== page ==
The fate of Shakesides has apparently been sealed

Fate sealed for Mack Laing homestead

Shakesides to be dismantled; viewing platform to be created in Laing's honour

  • Jun. 24, 2016 6:00 a.m.

Erin Haluschak

Record staff

Comox council voted unanimously to disassemble the Mack Laing House (Shakesides) and use the site and some materials from the home to create a viewing platform in conjunction with the existing walkway.

The vote complies with recommendations in a report presented to council by the Mack Laing Nature House Advisory Committee (MLNHAC).

Council also directed staff to begin the process to modify, if necessary, the terms of Laing’s trust.

The MLNHAC, consisting of a variety of stakeholders including two Comox councillors, Comox Valley Archives & Museum Society chair Pam Moughton, Mack Laing Society vice-president Angela Burns, and Terry Chester, provided its report to council for review and consideration.

Three options considered by the committee were to restore the house and use it as a standalone nature house; retain the house as a heritage property and use it for tours and conferences; or disassemble the building and repurpose some of the building materials to create a viewing site and structure.

In his report to council, Comox Chief Administrative Officer Richard Kanigan noted it does not appear to be possible or practical to achieve the wishes of Mack Laing in establishing a natural history museum out of the Shakesides structure.

“This comes as no surprise when one looks back to when council first accepted this trust; there were not sufficient funds available to achieve his wish at that time,” he added.

In its report to council, the advisory committee noted a majority of the committee endorsed the third option, deeming it the most practical and feasible, while still honouring the spirit and intent of the trust.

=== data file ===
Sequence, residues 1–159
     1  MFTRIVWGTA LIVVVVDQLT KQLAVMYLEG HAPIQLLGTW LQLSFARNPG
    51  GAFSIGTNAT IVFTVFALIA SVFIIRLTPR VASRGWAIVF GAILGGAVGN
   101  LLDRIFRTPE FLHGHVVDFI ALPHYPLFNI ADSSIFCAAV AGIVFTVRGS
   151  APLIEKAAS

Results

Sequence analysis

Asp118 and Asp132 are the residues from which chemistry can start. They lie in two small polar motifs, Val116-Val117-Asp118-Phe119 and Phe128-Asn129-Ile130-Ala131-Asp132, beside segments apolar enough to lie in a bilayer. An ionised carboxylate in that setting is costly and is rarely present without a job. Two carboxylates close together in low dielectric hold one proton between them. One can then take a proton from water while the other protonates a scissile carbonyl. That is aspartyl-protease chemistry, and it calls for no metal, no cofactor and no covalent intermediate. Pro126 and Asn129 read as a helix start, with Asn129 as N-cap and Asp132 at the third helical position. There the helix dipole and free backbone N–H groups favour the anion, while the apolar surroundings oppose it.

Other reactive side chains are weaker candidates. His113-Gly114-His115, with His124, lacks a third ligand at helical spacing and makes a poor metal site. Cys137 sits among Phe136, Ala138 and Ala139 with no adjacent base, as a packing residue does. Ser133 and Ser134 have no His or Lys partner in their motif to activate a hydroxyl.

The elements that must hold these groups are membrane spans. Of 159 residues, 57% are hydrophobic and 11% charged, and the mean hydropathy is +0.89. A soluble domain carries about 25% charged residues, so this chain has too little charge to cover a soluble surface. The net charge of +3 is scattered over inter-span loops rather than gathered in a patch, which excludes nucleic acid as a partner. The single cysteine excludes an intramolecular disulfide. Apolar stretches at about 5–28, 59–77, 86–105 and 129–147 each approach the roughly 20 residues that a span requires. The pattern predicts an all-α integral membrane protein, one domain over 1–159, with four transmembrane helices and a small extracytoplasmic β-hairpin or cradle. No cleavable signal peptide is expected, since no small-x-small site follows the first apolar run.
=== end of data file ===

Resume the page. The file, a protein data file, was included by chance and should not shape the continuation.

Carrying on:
Coun. Maureen Swift admitted Comox council has been struggling to comply with  Laing’s wishes,  detailed in his 1981 will.

“In today’s world, these requests aren’t practical or affordable.”

Both Couns. Russ Arnott and Hugh MacKinnon reminded council Laing was a man of nature and science, and enjoyed keeping life simple.

“The best way to honour the amazing man he was is to restore this spot to its natural state – to nature … for all to enjoy is the proper route for council,” said MacKinnon.

In his will, Laing bequeathed to the Town of Comox much of the belongings of his home, Shakesides, as well as $45,000, with specific instructions: “twenty-five (25%) per cent of the cash realized to be used for capital improvements to the dwelling house, and the remaining seventy-five (75%) per cent to be invested by the Town, the income earned thereupon to be applied towards the annual operating expenses of a natural history museum.”

(Laing gifted the Town his residence, Shakesides, in a separate deal, approximately 10 years before his death.)

The entire $45,000 was supposedly set into a trust fund upon receipt. However, Town records show that between 1982 and 2000, the fund matured by only $3,000 total, despite Bank of Canada interest rates as high as 13 per cent during the period in question.

Coun. Ken Grant said while he doesn’t know why the council at the time “did what they did with the money, it doesn’t come close to rebuilding that house.

“Mack Laing was a significant person in our community, and he does need to be remembered.”

 

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